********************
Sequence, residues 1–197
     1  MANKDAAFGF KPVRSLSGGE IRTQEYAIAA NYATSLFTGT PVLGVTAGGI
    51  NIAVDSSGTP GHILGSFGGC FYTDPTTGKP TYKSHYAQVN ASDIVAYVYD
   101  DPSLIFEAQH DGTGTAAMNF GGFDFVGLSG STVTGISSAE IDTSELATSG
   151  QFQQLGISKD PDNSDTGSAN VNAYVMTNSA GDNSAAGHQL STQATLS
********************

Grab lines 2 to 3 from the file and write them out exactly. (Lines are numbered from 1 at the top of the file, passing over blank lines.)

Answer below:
     1  MANKDAAFGF KPVRSLSGGE IRTQEYAIAA NYATSLFTGT PVLGVTAGGI
    51  NIAVDSSGTP GHILGSFGGC FYTDPTTGKP TYKSHYAQVN ASDIVAYVYD